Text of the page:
Amid all the errant shots of Monday night’s NCAA title game, and then amid the confetti, the streamers and the primal roar from the player we now know simply as Kemba at the end, one thing stood out:
The old man won’t go away.
You can suspend Connecticut Coach Jim Calhoun for three Big East games next season for recruiting violations and probe his controversial program for corruption until 2020.
Keep telling him he’s dirty, go ahead.
Then watch as his team grows more physical on each possession and wins on the last night of the season, a 53-41 victory over Butler for the national championship. Watch Calhoun take your contempt for him and his program and sneer.
Watch the old man become one of just five coaches to win three or more national championships.
At a crotchety 68, he also just became the oldest coach to win an NCAA men’s basketball Division I title.
Damn the NCAA investigators.
Damn any of his peers who turned him in.
Damn the best story in college basketball the past two years.
U-Conn. 53, Hickory High, the sequel, 41.
So dies the small-school Indiana championship dream, along with any notion that karma has a place in sports.
John Wooden. Adolph Rupp. Bob Knight. Mike Krzyzewski. Jim Calhoun. That’s the list of men’s Division I coaches who have won three or more titles.
Short of probation or Kemba Walker being injured, Calhoun would not be kept down. The man is as indestructible as a New England winter, maybe more bitter and cold toward the people who wanted to see him lose on Monday night.
Heck, five of his ribs can be broken after a fall in the 50-mile, Jim Calhoun Cancer Challenge Ride in 2009.
He is still finishing that race.
He is still beating cancer, three times now.
On the night he won his third national championship, Calhoun managed to overcome scrutiny, suspension, sickness and, finally, the sentimental favorite on the last night of the college basketball season.
Cantankerous, inaudible sometimes, the old man is a survivor.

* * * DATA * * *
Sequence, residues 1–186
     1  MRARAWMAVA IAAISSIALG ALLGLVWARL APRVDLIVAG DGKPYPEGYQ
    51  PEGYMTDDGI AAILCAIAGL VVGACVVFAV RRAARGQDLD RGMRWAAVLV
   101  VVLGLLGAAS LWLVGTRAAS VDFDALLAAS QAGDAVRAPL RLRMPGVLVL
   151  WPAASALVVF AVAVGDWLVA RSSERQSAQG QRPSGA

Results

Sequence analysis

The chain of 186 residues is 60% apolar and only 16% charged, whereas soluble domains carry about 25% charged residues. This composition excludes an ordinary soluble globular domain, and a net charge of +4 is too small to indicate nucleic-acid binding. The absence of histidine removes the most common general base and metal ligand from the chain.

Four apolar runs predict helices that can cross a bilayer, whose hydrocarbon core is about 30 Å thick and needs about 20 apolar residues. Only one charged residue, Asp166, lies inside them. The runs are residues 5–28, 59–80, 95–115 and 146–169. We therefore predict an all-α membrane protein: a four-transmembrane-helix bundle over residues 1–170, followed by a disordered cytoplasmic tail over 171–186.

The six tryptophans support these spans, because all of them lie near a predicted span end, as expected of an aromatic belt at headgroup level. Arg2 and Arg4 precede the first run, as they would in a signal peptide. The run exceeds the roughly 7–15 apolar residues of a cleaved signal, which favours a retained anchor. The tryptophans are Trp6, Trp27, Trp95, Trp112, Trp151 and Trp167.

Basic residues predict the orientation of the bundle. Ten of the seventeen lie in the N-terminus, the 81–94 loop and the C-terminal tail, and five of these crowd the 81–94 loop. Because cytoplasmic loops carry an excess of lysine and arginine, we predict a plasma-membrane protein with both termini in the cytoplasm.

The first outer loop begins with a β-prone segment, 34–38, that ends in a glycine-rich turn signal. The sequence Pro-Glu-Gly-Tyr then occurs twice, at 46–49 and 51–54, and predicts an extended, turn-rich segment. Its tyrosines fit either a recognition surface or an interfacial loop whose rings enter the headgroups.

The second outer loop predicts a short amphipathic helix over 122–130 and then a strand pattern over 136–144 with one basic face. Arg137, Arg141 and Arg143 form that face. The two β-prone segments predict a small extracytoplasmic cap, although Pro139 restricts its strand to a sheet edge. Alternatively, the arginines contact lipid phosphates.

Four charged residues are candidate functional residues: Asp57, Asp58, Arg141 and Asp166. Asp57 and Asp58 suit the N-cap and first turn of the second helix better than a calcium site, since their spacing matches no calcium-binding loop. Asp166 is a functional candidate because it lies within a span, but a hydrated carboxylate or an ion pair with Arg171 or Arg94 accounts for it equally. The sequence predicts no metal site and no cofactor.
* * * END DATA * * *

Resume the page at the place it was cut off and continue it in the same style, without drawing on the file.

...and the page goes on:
Whatever you think of Calhoun, this was his most impressive coaching performance, turning a team with one star and a few nice role players not expected to make the Final Four at the beginning of the season into the final snapshot of “One Shining Moment.”
Apropos, this one was pure Calhoun, pure Big East grunt and grit, the Huskies holding Butler to 19 percent shooting, a title game low.
Did you see this esthetically unappealing mess on the court? No team ever shot this poorly (34.5 percent) to win a championship. It was a physical scrum with no flow or rhythm for most of 40 minutes. The game was just waiting for someone to take over and exert their dominance.
Walker, who tirelessly led his team to nine victories in 19 days?
Butler’s Shelvin Mack, the stutter-stepping, stop-and-pop guard who knocked down a three-pointer before the first-half buzzer to provide the Bulldogs’ 22-19 halftime lead after 20 minutes of slog, no-flow basketball?
Matt Howard, the beefy center whose effort and skill got Butler here as much as Mack’s clutch shots?
Or the youngster, Jeremy Lamb, U-Conn.’s 6-foot-5 freshman swingman who all but disappeared in the first half?
It was the kid who showed up first. Lamb knifed inside for soft pull-up jumpers. He spotted up from the perimeter, knocking down important shots as the Huskies began to forge a little room early in the second half. He scored 10 of his 12 points in second half and finished with seven rebounds.
They weren’t huge numbers, but in a woefully played offensive game like this — where a five-point lead felt like 15 — every bucket mattered.
It wasn’t pretty; in point of fact, it was downright ugly, an in-your-grille scrap in which a foul could have been called on just about every possession on both ends.
And the mentally and physically toughest, most ornery team in college basketball, taking the cue from their survivor of a coach, won by knockout in the second half.
The way the old man figured it, if neither the NCAA nor his Big East foes could drop Jim Calhoun, there was no way Butler was going to make his team take an eight-count on Monday night before 75,000 people – most of who came to see U-Conn. lose.
“The championship is incredibly wonderful to bring to Connecticut and our fans, but to give these kids, the work they put in, it’s maybe, professionally, the happiest moment in my life,” Calhoun said.
Of course it’s his happiest moment. The old man got back at everyone.
He won’t go away. Not without another trophy on the last night of the season, the night Jim Calhoun ruined everyone else’s dream but the one belonging to him and his players.